Teaching Kids to Kite, Part 1 -I Will do Anything to be With you, Even if I Have to tie you up.
This past spring I listed 2 small kites, a 3.5m and 5m, on Ikitesurf.com. These kites were the Cabrinha Converts that my husband and I purchased and used to teach our children how to kite. When I listed them I got 2 types of inquires, the first were from men who thought they would like to have a tiny kite just in case a hurricane whipped thru their favorite spot and the other was well meaning parents eager to get Jr. kiting. I know it is not fair business practices but I quickly dismissed the over confident men with death wishes and responded to the parents, after all I have a soft spot in my heart for anyone who wants to share the stoke with their kids. I became an email “pal” with two different fathers, as not only were they interested in the tiny kites but also advice on how to teach their kids.
I loved that someone was asking me; I believe that there really needs to be kids kiting everywhere. I am looking forward to a future where these youngsters will be blowing my mind with what they are doing with their kites. While emailing back and forth with these nice gentlemen I began to understand that they had similar family values to my own, they loved their kids more than they loved having a good time and they were very much looking forward to having a good time with their kids. This made me realize that these families had the first and most crucial element to successfully teaching their kids to kite, a willingness to do almost anything to spend time with them and a complete lack of guilt about getting Jr. hooked on a new drug, kiting.
Let me tell you teaching our two kids to kite has been a huge endeavor not intended for the meek or those close to having a heart attack. I have belly crawled ½ mile thru thigh deep powder to help my daughter and my husband has swam what seemed like 5 miles in Kailua Bay to help the same princess relaunch her kite many times in light winds, just to outline some of the physical demands. Then there are the mental demands, imagine having the person you brought into this world tell you they hate you because they used their stopper ball as a handle to hot launch their kite or watching them have a major lapse of consciousness and try and land their kite between two cars parked on a highway just because they saw one of your crazy friends do it. Yep, this is serious mental strength.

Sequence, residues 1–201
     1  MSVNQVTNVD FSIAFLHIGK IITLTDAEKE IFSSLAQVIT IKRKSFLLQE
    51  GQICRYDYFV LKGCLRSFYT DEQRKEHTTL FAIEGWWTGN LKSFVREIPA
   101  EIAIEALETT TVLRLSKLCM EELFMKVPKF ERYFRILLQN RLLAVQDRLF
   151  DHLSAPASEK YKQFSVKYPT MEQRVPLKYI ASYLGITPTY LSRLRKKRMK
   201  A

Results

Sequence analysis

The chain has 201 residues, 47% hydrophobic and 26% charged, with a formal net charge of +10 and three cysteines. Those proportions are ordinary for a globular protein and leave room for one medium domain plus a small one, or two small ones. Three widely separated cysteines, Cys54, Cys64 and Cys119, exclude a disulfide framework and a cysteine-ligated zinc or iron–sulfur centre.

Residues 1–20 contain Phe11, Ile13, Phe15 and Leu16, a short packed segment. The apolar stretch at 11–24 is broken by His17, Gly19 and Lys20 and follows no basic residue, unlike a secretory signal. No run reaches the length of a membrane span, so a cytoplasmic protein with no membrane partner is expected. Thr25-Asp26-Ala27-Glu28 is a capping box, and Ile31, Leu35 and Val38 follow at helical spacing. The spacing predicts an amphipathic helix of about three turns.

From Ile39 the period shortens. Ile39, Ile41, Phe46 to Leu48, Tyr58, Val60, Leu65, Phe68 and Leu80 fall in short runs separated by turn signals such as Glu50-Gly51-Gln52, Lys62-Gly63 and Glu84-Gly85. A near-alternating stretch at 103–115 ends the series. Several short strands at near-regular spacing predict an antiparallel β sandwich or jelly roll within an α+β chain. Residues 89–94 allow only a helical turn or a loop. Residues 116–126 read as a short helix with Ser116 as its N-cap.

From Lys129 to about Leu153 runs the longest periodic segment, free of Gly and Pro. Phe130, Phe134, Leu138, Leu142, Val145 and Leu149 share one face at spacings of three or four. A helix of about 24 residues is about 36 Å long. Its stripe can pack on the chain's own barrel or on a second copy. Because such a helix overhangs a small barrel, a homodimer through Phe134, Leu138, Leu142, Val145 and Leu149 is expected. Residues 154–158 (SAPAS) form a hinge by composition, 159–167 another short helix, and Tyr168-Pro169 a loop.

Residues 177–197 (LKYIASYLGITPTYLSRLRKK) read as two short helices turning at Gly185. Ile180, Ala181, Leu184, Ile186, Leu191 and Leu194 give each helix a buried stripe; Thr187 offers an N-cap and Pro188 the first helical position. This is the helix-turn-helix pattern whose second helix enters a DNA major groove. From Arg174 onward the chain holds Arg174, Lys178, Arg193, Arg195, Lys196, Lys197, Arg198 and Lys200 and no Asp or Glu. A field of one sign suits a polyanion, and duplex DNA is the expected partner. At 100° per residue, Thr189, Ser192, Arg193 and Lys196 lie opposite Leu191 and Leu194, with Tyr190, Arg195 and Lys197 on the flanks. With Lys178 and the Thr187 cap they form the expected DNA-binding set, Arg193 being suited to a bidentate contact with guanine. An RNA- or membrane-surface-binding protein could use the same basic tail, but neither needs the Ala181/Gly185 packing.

As parents trying to teach our kids we also have to have a very strong urge to force our kids to spend time with us. Most sane kids, these days, would rather play their i-pod or hang with their friends then go have their well meaning, slightly crazy and clearly embarrassing parents teach them to kite. On occasions when I am meeting resistance trying to get a 13 and 12 year old in the car I have a fantasy that my husband and I quietly pack our gear and slip away. I am sure in this moment of internal delusion that my children will never notice our absence and that they will not look up from the computer or i-pod and realize they have no supervision; they will be catatonic the whole day while I kite my brains out; as I said fantasy.
The truth of it is my husband and I figuratively move mountains to spend time with our kids. We have defined quality time as all of us doing something that my husband and I love to do together, weather it is skiing, kiting, boating or mountain biking. It is less important if the kids like it as much as we do and we justify this attitude because our kids a clearly newer to this world than us and they need to be enlightened. This may backfire on us but well what the heck, we are going to give it a serious try.
I have noticed there are kiters who do not hook the kids on kiting or even try. The kids in these kiter’s live seem peripheral, kiting is about mom or dad having fun and Jr. hangs with friends and hardly makes an appearance on the kite scene. I have been surprised by finding out that more than one of our kiting friends has children of their own, in their teens, that I have never seen or heard about until the said parent complains about the trouble the teen has found on their long weekends at home while mom or dad is at the lake or mountain. My first thought is: “Duh, you left a 15 year old with unfettered access to their peers instead of bring them to this windy, remote and lonely place where their very survival depends on you, your charity and your camp stove, of course they have run amuck. What in the heck were you thinking?”
Several years ago my husband and I took a parenting class by Gordon Neufeld called “Hold on to Your Kids”. Like all humans we found a class that was in alignment with our own personal parenting philosophy so we could sit in class and feel smug and superior as we learned we do almost everything right. With that aside one of the premises of this class was that parents should be the ones to provide the child with opportunities that they could not otherwise do. The parent need to position themselves as the gateway, if you will, to diverse, interesting and bonding experiences, not their peers. Gordon took his children on canoe trips, we take our kids kiting, skiing, biking etc. We make sure our kids know how they get there, who will save them, if they need saving, and who really thinks they are cool. I like this thought and I think I will continue to twist Gordon’s philosophy to suit my needs and see how things go.